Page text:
NASA's Phoenix Mission is headed for the polar caps of Mars. The Phoenix will be lauched this Saturday and will take about nine months to travel there before landing in May of next year. Paul Niles is a member of the Phoenix Science Team, which is the group that will be analysing geological and chemical data from the lander. He's says they're hoping to find an ice layer underneath the surface and hopefully the presence of organic material frozen in the ice.
"What we expect is that on Mars, even if there was no life, there are meteorites that land on Mars every day and we know that in meteorites there is organic material. So we expect to find organic matter on Mars. It should be there."
The Phoenix lander will actually dig through the top-soil layer and pull up samples of soil and hopefully ice from a few feet down. Those samples will then be processed in what amounts to a high-temperature oven. NASA will receive the data and Niles and the rest of the team will analyze the contents. But first they have to make sure they're not analyzing the wrong organics, because the Phoenix lander will likely have small amounts of Earth's organic matter attached to it.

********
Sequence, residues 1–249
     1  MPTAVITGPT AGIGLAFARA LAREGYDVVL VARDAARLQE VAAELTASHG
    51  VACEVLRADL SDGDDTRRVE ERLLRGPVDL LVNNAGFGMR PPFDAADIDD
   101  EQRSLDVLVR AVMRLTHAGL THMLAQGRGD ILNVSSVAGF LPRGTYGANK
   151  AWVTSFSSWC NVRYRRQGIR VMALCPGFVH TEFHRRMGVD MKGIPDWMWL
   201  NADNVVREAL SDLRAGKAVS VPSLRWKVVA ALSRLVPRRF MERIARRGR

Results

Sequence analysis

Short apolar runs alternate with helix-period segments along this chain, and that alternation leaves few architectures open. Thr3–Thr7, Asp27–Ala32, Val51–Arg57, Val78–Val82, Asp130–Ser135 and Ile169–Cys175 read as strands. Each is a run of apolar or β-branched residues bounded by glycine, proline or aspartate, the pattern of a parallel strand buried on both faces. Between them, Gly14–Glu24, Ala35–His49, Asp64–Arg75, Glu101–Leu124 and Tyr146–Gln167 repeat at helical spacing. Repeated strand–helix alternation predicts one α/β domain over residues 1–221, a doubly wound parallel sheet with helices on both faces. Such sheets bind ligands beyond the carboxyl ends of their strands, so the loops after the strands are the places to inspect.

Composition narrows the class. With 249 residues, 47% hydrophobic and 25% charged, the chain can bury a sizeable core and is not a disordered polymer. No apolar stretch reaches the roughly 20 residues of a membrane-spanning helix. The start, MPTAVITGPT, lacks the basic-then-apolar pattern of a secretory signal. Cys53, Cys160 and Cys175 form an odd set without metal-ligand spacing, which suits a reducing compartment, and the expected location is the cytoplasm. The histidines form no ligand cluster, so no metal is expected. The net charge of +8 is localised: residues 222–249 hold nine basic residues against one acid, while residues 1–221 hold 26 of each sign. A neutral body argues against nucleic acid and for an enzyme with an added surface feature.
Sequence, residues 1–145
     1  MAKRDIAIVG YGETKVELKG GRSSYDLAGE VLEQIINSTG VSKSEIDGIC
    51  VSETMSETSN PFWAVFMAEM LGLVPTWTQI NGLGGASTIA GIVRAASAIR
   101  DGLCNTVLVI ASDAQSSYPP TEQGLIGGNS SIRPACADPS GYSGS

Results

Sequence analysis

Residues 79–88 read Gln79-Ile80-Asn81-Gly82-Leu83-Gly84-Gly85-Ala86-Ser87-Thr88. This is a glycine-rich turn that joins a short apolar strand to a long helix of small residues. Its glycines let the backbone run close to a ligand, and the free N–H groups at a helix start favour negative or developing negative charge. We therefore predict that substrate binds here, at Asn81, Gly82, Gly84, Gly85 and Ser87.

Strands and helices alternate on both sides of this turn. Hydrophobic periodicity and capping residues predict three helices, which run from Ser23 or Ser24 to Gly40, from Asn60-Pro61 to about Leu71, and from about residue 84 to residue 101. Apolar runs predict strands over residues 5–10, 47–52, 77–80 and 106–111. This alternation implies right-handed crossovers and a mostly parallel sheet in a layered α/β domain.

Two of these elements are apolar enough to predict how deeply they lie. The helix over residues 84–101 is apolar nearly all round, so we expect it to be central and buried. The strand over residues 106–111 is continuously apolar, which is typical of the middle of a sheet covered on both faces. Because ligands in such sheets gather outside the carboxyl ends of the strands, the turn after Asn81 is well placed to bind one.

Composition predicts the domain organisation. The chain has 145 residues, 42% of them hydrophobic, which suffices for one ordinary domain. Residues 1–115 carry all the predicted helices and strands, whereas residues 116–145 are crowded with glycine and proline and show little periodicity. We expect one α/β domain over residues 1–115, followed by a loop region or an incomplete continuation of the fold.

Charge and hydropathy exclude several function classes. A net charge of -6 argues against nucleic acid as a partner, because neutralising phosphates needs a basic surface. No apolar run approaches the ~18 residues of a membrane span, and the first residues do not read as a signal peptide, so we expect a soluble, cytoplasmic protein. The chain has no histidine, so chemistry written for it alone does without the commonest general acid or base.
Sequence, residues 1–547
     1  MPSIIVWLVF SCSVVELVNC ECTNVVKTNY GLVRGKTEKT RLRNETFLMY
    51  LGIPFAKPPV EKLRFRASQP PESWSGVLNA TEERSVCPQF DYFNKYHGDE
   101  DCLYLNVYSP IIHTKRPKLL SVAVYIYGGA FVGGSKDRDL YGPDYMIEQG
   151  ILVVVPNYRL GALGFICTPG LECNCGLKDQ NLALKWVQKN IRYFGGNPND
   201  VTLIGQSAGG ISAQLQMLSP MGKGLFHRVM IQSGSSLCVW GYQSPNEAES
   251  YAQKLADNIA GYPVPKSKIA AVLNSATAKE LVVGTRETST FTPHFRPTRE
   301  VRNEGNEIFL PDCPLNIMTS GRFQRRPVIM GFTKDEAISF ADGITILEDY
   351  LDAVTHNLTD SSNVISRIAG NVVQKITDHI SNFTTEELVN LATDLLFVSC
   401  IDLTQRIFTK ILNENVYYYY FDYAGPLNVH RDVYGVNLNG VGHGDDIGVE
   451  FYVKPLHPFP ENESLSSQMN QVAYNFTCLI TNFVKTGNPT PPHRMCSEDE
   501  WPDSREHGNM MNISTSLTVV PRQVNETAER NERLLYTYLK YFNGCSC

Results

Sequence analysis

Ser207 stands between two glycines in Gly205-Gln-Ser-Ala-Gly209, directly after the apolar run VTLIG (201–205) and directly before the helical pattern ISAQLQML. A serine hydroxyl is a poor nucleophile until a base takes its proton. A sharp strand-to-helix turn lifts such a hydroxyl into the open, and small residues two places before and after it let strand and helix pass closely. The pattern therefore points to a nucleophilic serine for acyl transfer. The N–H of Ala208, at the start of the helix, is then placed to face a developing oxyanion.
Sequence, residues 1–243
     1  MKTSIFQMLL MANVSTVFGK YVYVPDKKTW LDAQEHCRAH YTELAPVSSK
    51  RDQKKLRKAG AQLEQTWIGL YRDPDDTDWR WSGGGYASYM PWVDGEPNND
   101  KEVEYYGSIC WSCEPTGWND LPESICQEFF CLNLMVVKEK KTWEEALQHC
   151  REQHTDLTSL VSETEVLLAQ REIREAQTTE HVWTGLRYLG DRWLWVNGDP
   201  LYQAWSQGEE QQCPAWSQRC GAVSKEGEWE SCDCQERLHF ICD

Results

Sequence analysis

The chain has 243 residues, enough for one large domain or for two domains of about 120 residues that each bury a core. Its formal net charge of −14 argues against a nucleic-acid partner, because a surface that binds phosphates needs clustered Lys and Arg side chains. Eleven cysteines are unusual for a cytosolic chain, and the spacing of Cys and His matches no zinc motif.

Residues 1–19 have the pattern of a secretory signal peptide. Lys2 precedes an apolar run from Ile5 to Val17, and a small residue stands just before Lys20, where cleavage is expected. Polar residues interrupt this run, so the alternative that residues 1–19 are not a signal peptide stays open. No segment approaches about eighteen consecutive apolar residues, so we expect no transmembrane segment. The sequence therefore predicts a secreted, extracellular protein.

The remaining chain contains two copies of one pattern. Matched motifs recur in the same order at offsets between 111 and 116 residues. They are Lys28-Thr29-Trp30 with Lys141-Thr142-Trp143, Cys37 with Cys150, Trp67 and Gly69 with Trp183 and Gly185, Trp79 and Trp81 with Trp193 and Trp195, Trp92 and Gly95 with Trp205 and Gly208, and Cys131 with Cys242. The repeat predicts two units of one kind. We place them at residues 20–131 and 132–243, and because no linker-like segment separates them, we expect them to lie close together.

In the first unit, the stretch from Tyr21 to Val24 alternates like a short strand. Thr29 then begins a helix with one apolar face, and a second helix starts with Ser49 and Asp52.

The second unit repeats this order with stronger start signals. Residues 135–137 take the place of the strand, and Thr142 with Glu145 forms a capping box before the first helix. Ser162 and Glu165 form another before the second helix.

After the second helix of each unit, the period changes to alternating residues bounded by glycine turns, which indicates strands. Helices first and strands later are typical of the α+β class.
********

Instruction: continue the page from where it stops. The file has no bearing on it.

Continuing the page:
"It's very difficult to make an organic-free instrument or spacecraft. So whenever we analyze something, it's going to have a little bit of background organic material. And we're not exactly sure how much because there's going to be some on the robotic arm and there's going to be some on all the surfaces. So this is a Class 100 Clean Room. And one of the things we helped develop is this organic-free blank, which is as organic-free material we could find that has the right physical properties."
That so-called blank is a small piece of material similar to ceramic. The material, called Makor, was designed by Corning for NASA to use on this project. The Makor will be ground into a powder and coat the surfaces of the robotic arm and the ovens, covering over any of the Earth's organic material that might be on the spacecraft. But of course, all of the precautions are hinged on the hope of actually finding ice, liquid water or life on Mars.
"Based on previous results, we're not sure what to expect. I don't think most scientists would say that there's large liklihood that we will find life present at this landing site. But I think, there is certainly a good chance."
The Phoenix lander will last in the Mars atmosphere for about three months. And the technology aboard the spacecraft only allows scientists to collect a total of eight samples from the subsurface of the planet. Laurie Johnson, Houston Public Radio News.